This is a free event but space is limited, so please RSVP via the Spirit & Place website by Nov. 7. With questions, please contact Abri Hochstetler at 317.777.6095.


Stability can Help Defeat the Challenge of Mobility

By | From the CEO | No Comments

This correlation shows my age, but for me September was always the month recognized for returning to school. With the change in school calendars, many students now go back to school in early August. My seventh-grader and fifth-grader each started school the first week of August. My son, the seventh-grader, and I reflected recently that he has never attended the same school for more than two years. He went to three different elementary schools; each move because our family moved residences. My daughter has attended two schools.

When asked if either would like to move between several schools in the same school year, they both agreed “that would stink.” “How would you make friends?” my daughter asked. “How could you keep up in class?” my son added.

Greater Indy Habitat for Humanity recently participated in a study (Residential mobility of single mothers in the Indianapolis’ Mid-North area neighborhoods: An exploratory study of chronic moving prepared by Sagamore Institute for Policy Research) on the mobility of students within the same school year, particularly among those considered to be in poverty. The study concluded that single mothers have the greatest challenge with mobility.*

Financial difficulties like lack of housing affordability, loss of stable employment, foreclosure and eviction, or the high cost of rent were major reasons why single mothers moved residences. A mother I spoke to who purchased a home with Greater Indy Habitat revealed that her son had never had a dresser because they moved regularly. Instead, he just put his clothes in a trash bag. She (and he) was elated to have the stability of a home, which also meant he could have a dresser for his clothes.

Anyone living out of a trash bag because of the absence of a stable home is difficult to swallow. The mobility study also reveals that children’s school performance can suffer because of frequent moving. “Student mobility impacts not only students who change schools but also classrooms that have to adjust to a changing student enrollment. Teachers struggle to balance the introduction of the new student while maintaining the education level of the entire classroom. Similarly, classes were not taught consistently across schools, even within districts, such that students faced further change when they were placed in a misaligned course (i.e. -being in Algebra II when knowledge is at an Algebra I level). For students who transfer without a record or transcript, class placements can take weeks to months to perfect, creating more lost time.”

Affordable homeownership provides stability. Greater Indy Habitat’s affordable homeownership program of education, community engagement through volunteerism and a 0% interest mortgage are the building blocks to that stability. It also ensures no child has to live out of a trash bag anymore.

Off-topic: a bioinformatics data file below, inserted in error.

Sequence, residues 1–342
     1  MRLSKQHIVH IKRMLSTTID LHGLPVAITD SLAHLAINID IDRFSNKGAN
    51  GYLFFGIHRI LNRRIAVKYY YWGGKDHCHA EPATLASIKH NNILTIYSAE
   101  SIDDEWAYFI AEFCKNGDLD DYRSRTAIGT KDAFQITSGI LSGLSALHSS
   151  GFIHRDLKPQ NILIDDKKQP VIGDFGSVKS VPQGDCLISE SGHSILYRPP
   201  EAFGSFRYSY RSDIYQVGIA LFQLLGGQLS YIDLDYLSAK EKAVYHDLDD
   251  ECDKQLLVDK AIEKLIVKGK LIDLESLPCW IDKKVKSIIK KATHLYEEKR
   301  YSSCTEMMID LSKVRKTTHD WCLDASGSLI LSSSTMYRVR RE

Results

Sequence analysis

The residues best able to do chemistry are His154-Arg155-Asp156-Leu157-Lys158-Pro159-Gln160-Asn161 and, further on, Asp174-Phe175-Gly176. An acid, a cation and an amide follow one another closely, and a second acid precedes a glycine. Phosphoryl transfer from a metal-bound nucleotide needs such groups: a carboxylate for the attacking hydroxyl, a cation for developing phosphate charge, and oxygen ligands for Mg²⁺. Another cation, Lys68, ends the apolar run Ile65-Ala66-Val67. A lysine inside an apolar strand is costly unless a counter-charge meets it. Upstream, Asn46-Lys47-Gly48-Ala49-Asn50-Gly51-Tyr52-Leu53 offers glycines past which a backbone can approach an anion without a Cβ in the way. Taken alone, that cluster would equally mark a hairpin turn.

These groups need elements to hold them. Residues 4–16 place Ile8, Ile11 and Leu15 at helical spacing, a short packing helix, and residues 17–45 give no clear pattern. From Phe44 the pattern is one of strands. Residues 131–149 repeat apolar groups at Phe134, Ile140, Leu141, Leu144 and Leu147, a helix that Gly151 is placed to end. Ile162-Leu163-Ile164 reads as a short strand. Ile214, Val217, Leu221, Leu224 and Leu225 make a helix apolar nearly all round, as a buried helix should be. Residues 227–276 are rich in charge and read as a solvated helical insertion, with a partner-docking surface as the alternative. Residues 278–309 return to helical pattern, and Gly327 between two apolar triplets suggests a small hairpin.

*Study results are in final draft form and expected to be published soon. Please check back with the Sagamore Institute website for the completed study.


Habitat Hosts Fourth Women Build in 2017

By | Volunteer, Women Build | No Comments

Women Funded, Women Built

Each year hundreds of women pick up hammers, power tools, and paintbrushes while leveraging their networks to raise funds and build a Habitat home. The Women Build program recruits, educates, and nurtures women to build and advocate for affordable houses in their communities. In 2017 we will host our fourth Women Build, with the support of women leaders and volunteers, for a first-time homeowner.

Women from all walks of life will work together to raise the funds and walls for the Women Build project. Together they will make up the more than 300 volunteers needed to construct the home. Friends and family will be recruited to support their work through a peer-to-peer fundraising campaign. From its inception in 2014, the volunteers of the Women Build project have raised more than $332,000 to provide homes for three families, and support the Greater Indy Habitat mission. View photos of the 2014, 2015, and 2016 builds!

Though team leader spots are filling up, we invite you to share your interest in learning more, or participating in 2017, by emailing


Cabinet Company Finds Bedder Way

By | ReStore | No Comments

High-quality, Unfinished Cabinets Available at the ReStore

Like many local companies, Bedder Way Murphy Bed and Cabinet Company has regularly donated cabinets to the ReStore over the past few years. Unlike most corporate donations, these cabinets are specifically made by Bedder Way for the Greater Indy Habitat ReStores to sell. While making their custom cabinets, Bedder Way ends up with excess of cabinet-grade plywood that doesn’t fit the measurement requirements for the company’s usual product. However, these pieces are large enough to make high-quality unfinished cabinets for the ReStore. These cabinets will show up on the sales floor of our ReStores every couple of months for purchase. They will make a beautiful addition to shoppers’ homes.

The ReStore appreciates donations from our many commercial donors. We are grateful for those partners who go out of their way to use their skills, resources, and expertise to give the ReStore, and ultimately Habitat families, a great boost. Discover how your business can partner with the ReStore by contacting Andy Duncan at 317.777.6078.